Deaths are concentrated among long-term users with high opioid tolerance. What's more, in a large proportion of fatal cases, the concentration of morphine (the major metabolite of heroin) is low.

Indeed, the impurity myth, that overdose deaths are not due to heroin but to toxic impurities, has absolutely no evidence at all to support it.

If there's one thing we can quite clearly say about heroin deaths, it's that impurities are rarely, if ever, found or are relevant to the death. Those that are found are typically innocuous substances, such as sucrose.

The substantial rise in pharmaceutical opioid deaths around the world, and the United States in particular, show that opioids of known purity, and with no impurities, are killing increasing numbers of people.

Actual causes of death

What does kill heroin users is polydrug use. More specifically, the use of heroin with other central nervous system depressants, such as alcohol and the benzodiazepines. Death is due to respiratory depression, from the combined effects of these substances.

While one of these will not kill if taken alone, together they are toxic. That's why we see a large number of deaths with low morphine concentrations.

Indeed, we recently published research that showed the pharmaceutical opioid epidemic and the toxicology of overdose together illustrate that legalising drugs such as heroin wouldn't reduce because it's not purity or impurities that are causing these fatalities.

Myths matter. It's only by a clear understanding of the life course of heroin dependence, and the ways in which the drug kills, that we can make evidence-based interventions to help people addicted to .

Explore further: Actor's death spotlights heroin epidemic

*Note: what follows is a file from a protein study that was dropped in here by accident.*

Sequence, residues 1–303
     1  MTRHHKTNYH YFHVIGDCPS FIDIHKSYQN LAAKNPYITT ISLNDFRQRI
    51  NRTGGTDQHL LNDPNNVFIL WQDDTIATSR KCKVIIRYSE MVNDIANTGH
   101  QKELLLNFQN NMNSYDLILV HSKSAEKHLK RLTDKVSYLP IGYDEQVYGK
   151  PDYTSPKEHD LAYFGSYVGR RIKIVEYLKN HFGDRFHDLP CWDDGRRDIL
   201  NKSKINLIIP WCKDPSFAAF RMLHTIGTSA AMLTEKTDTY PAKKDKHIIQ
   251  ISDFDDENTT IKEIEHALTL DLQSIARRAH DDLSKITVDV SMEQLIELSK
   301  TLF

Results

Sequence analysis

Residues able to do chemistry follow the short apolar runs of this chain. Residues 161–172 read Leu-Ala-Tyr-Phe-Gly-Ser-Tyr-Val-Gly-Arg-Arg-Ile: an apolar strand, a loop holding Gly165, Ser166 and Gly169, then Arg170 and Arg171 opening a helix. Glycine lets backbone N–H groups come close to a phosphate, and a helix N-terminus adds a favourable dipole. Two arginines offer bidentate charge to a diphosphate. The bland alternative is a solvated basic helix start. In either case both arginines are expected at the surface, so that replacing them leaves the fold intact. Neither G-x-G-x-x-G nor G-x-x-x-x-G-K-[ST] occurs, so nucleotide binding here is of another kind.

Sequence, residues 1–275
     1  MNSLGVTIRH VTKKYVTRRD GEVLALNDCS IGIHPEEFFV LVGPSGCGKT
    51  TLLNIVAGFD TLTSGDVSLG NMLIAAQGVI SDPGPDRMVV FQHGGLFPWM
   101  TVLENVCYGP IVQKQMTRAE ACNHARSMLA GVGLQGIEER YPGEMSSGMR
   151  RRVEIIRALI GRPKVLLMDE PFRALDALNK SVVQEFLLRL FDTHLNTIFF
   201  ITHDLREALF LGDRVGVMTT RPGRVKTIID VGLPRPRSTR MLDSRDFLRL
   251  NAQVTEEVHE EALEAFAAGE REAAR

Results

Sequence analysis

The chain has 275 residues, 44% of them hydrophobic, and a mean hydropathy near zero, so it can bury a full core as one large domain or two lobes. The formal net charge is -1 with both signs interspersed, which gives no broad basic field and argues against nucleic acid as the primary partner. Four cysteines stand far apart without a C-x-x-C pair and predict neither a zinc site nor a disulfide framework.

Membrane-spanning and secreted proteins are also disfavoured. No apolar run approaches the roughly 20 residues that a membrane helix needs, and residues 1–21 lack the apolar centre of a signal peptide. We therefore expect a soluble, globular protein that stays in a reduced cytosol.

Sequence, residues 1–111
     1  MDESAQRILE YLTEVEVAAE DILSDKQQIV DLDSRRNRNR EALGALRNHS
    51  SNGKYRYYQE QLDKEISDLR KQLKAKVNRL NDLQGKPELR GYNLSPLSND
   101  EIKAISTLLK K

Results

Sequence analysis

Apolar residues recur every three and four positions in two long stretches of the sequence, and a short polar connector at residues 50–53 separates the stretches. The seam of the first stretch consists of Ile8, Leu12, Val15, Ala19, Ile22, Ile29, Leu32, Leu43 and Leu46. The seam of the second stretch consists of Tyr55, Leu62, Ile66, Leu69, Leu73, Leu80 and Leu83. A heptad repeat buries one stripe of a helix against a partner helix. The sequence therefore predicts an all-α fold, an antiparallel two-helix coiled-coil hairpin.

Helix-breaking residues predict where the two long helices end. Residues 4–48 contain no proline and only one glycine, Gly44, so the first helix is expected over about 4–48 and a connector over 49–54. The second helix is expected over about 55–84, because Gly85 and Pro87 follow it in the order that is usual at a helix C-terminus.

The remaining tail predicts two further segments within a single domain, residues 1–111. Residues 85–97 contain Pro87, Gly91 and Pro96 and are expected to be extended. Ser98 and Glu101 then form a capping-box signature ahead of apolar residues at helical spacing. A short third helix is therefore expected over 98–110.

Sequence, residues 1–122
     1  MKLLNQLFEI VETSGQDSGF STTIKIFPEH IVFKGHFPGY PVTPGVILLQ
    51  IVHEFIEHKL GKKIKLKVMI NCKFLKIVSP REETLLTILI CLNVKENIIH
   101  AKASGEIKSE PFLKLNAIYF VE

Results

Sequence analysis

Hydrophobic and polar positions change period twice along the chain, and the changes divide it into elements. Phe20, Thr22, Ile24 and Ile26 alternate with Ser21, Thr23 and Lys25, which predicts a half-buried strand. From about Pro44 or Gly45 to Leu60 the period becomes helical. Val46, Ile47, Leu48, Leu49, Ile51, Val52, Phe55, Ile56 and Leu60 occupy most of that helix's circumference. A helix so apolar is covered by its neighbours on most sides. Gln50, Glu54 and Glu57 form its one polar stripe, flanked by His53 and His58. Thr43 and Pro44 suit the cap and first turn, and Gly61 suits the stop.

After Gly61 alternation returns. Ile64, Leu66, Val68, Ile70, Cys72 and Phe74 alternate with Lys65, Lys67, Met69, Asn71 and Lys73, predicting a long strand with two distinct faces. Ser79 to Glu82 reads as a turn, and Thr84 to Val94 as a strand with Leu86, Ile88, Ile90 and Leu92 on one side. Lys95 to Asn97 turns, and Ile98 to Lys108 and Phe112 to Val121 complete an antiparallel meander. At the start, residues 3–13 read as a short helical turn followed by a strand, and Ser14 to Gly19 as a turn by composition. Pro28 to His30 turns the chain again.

More information: Darke, S. and Farrell, M. (2014), "Would legalizing illicit opioids reduce overdose fatalities? Implications from a natural experiment." Addiction. DOI: 10.1111/add.12456

Related Stories

Actor's death spotlights heroin epidemic

February 4, 2014
The shocking death of Oscar-winning actor Philip Seymour Hoffman from a suspected drugs overdose has spotlighted a growing epidemic of heroin use across the United States, officials warn.

Death from drugs like oxycodone linked to disadvantaged neighborhoods, fragmented families

October 17, 2013
Death from analgesic overdose, including the painkillers oxycodone and codeine, is more concentrated in economically disadvantaged neighborhoods with a prevalence of high divorce, single-parent homes than deaths from unintentional ...

Australia: Heroin and opioid deaths on the rise

October 10, 2012
A total of 500 Australians aged 15 to 54 died from accidental opioid overdoses in 2008 and preliminary estimates suggest deaths of this nature will be higher again in 2009 and 2010, according to the National Drug and Alcohol ...

Heroin availability increasing across Washington state

June 12, 2013
New data from the University of Washington's Alcohol and Drug Abuse Institute indicates increases in heroin availability, abuse and deaths across the state, particularly among young adults ages 18-29. These increases are ...

Study probes heroin addiction's effect on the brain

November 11, 2013